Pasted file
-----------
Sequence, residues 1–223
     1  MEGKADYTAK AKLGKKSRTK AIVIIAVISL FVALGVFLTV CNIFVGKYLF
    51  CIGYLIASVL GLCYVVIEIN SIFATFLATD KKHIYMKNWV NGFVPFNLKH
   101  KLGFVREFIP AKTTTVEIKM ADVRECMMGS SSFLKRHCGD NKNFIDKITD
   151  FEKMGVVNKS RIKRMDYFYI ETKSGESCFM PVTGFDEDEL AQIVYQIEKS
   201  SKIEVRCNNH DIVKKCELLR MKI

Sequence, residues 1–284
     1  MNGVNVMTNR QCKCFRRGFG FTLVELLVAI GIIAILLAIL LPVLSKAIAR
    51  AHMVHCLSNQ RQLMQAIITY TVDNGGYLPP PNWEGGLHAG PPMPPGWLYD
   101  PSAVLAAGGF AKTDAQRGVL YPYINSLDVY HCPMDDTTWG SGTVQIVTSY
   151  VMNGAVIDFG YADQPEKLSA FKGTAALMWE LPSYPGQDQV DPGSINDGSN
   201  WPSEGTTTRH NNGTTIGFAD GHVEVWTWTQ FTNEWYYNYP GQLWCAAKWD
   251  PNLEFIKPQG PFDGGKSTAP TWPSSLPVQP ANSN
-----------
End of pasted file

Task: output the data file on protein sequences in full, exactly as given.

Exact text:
Sequence, residues 1–223
     1  MEGKADYTAK AKLGKKSRTK AIVIIAVISL FVALGVFLTV CNIFVGKYLF
    51  CIGYLIASVL GLCYVVIEIN SIFATFLATD KKHIYMKNWV NGFVPFNLKH
   101  KLGFVREFIP AKTTTVEIKM ADVRECMMGS SSFLKRHCGD NKNFIDKITD
   151  FEKMGVVNKS RIKRMDYFYI ETKSGESCFM PVTGFDEDEL AQIVYQIEKS
   201  SKIEVRCNNH DIVKKCELLR MKI

Sequence, residues 1–284
     1  MNGVNVMTNR QCKCFRRGFG FTLVELLVAI GIIAILLAIL LPVLSKAIAR
    51  AHMVHCLSNQ RQLMQAIITY TVDNGGYLPP PNWEGGLHAG PPMPPGWLYD
   101  PSAVLAAGGF AKTDAQRGVL YPYINSLDVY HCPMDDTTWG SGTVQIVTSY
   151  VMNGAVIDFG YADQPEKLSA FKGTAALMWE LPSYPGQDQV DPGSINDGSN
   201  WPSEGTTTRH NNGTTIGFAD GHVEVWTWTQ FTNEWYYNYP GQLWCAAKWD
   251  PNLEFIKPQG PFDGGKSTAP TWPSSLPVQP ANSN